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Montevideo, October 28th 2020 - 15:21 UTC

 

 

Maduro moves PDVSA office to Moscow to avoid sanctions

Friday, March 1st 2019 - 13:05 UTC
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Maduro regime desperately seeks to protect assets abroad that are still under its control Maduro regime desperately seeks to protect assets abroad that are still under its control
Lavrov has reiterated Russia's support for Maduro's efforts aimed at stabilizing the situation, as well as confirming his solidarity with his Government Lavrov has reiterated Russia's support for Maduro's efforts aimed at stabilizing the situation, as well as confirming his solidarity with his Government

Venezuelan Vice President Delcy Rodriguez announced at a press conference with Russian Foreign Minister Sergey Lavrov that the central office of state oil company PDVSA in Europe, located in Lisbon, will move to Moscow to guarantee the security of the country's assets abroad, which were delivered to the Venezuelan Parliament in other countries.

According to Rodríguez, the Venezuelan authorities “have no doubt” that the timing of the announcement of this transfer is “opportune” given the political and institutional crisis in the South American country.

The foreign minister, who considers that her country is “the victim of an aggression by the United States,” declared that the Venezuelan President Nicolás Maduro, considered illegitimate by the European Union (EU) and fifty countries, gave instructions to close the PDVSA office in Portugal.

“Europe does not give guarantees regarding our assets,” Rodriguez said during the press conference in Moscow.

”President Nicolás Maduro has instructed that the Petroleos de Venezuela S.A. (PDVSA) office in Europe, which is located in Lisbon, be transferred to Moscow,“ Rodriguez said, adding that the measure should ”strengthen“ the cooperation between Russia and Venezuela.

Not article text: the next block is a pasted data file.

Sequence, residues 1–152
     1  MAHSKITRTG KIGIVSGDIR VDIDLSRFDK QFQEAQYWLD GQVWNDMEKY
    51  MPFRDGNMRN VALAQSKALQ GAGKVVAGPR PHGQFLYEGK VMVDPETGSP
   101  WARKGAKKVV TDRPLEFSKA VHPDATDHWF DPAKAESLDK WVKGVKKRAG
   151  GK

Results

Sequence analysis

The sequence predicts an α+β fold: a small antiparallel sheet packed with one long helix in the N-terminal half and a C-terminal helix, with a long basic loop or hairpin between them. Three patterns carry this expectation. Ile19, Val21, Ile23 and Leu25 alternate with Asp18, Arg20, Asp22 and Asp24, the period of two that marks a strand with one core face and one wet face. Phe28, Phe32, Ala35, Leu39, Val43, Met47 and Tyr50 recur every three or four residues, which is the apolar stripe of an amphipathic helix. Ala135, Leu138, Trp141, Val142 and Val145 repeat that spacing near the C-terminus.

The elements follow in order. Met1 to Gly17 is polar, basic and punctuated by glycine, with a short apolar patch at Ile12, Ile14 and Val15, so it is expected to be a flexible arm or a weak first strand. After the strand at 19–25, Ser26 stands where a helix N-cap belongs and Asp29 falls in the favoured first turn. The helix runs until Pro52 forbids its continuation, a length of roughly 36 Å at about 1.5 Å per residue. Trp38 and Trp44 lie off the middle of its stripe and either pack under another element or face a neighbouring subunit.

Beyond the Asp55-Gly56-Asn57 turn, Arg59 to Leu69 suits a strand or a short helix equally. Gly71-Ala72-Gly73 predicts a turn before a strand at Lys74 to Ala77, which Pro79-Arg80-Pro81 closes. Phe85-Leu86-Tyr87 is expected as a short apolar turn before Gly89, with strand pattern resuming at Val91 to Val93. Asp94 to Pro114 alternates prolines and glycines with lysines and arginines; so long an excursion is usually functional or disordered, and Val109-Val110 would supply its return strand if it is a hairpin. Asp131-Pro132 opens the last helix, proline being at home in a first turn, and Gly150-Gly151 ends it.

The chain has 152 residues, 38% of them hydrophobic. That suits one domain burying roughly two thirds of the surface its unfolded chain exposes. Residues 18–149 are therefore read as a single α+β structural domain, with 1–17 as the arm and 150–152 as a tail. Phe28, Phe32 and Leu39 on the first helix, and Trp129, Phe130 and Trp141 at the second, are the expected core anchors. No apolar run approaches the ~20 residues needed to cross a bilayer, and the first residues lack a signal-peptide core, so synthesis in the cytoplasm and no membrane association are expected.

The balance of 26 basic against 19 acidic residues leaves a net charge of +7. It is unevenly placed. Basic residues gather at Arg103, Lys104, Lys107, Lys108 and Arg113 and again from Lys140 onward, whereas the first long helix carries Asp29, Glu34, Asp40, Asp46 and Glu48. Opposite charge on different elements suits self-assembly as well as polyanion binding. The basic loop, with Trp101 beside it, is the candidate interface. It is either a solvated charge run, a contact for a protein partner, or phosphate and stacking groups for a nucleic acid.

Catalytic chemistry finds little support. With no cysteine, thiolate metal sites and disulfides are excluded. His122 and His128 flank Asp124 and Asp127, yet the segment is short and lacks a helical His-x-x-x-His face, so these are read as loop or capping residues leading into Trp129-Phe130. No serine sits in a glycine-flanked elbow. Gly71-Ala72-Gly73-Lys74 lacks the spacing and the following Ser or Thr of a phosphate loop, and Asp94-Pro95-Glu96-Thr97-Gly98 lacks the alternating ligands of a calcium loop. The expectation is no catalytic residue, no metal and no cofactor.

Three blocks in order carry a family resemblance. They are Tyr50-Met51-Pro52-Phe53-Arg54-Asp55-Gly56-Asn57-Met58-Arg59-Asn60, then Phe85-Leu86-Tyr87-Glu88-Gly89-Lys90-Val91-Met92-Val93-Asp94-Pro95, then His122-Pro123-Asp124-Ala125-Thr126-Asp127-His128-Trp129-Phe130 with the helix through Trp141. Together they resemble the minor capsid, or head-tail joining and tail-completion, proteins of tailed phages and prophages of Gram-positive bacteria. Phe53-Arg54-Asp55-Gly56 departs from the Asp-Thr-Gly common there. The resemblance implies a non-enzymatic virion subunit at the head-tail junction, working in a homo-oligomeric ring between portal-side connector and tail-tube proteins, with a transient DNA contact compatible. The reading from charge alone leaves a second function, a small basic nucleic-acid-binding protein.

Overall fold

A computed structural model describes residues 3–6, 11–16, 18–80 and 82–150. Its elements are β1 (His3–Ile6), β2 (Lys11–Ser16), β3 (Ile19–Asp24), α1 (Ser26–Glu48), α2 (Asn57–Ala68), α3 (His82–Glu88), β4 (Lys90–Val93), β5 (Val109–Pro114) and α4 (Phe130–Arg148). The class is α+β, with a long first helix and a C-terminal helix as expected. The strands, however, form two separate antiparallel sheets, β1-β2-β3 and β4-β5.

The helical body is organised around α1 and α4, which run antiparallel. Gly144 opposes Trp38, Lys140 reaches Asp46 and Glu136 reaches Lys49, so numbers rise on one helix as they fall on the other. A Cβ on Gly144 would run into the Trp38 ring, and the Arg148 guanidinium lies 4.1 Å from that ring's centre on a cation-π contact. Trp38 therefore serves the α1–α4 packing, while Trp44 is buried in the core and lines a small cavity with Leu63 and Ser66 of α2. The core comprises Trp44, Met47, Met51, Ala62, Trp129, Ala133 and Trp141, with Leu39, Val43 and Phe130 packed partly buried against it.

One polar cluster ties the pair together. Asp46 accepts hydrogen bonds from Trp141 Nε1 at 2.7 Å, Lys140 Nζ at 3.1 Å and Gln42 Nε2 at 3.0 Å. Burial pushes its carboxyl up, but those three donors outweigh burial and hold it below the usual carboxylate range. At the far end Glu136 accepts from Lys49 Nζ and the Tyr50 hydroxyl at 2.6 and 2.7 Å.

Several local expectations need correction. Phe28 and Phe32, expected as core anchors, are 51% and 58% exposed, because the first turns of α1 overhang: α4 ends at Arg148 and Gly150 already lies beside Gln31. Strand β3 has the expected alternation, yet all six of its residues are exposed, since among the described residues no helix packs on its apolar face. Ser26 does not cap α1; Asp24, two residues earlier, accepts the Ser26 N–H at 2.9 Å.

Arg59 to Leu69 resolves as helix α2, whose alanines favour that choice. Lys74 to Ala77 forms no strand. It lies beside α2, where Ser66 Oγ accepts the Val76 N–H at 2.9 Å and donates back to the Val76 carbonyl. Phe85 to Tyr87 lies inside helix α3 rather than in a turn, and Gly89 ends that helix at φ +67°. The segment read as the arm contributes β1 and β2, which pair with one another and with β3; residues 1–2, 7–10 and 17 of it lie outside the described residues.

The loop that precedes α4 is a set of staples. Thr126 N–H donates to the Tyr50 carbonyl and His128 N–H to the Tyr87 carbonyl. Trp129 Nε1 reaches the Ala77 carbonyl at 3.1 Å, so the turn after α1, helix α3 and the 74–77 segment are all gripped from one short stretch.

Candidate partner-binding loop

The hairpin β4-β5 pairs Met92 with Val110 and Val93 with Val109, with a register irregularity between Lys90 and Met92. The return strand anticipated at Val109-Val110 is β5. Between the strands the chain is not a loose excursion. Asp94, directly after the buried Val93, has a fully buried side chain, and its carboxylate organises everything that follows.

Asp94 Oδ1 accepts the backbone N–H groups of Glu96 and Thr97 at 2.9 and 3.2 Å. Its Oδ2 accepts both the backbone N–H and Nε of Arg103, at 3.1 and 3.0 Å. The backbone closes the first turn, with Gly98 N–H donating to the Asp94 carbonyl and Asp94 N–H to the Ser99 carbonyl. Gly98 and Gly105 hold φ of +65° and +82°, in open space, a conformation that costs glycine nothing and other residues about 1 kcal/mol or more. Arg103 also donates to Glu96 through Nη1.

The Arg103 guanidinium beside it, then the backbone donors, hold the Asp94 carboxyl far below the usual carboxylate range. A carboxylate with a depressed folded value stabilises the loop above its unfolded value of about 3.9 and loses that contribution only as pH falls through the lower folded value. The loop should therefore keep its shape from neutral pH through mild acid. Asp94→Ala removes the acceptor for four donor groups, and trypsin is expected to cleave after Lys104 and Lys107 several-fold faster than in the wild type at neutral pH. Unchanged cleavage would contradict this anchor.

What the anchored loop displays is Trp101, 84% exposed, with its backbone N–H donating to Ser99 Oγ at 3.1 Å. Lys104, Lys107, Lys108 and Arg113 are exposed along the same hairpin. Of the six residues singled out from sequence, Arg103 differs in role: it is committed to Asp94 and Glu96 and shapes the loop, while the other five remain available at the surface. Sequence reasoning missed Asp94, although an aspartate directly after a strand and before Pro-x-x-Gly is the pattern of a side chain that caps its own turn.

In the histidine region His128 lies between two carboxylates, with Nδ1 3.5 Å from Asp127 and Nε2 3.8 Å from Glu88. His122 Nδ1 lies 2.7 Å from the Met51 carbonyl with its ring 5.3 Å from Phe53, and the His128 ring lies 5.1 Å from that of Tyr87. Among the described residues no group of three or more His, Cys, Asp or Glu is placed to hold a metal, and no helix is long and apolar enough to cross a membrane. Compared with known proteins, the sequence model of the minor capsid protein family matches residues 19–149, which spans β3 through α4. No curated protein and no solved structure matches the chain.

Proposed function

The measure establishes the extension of the energy cooperation that Caracas had with Russian oil companies such as Rosneft and Gazprom.

Foreign Minister Lavrov reiterated Russia's support for Maduro's efforts aimed at stabilizing the situation, as well as confirming his solidarity with Maduro's government, considered as legitimate by Vladimir Putin’s.

This transfer is significant for the Maduro administration, which is desperately seeking economic resources after the fall of PDVSA's oil production and the lack of buyers after United States imposed new sanctions.

The situation has led the regime to seek capital through the polemic sale of resources such as gold, material from which at least 8 tons of the vaults of the Venezuelan central bank were removed clandestinely, parliamentary Angel Alvarado told Reuters.

For his part, the President of the National Assembly of Venezuela and declared interim president on January 23, Juan Guaidó, announced in that month that he would begin ”the taking of progressive and orderly control of assets” of Venezuela abroad.

The government of the United States certified Guaidó’s authority to control Venezuelan assets held by the Federal Reserve Bank of New York or any other bank insured by the United States.

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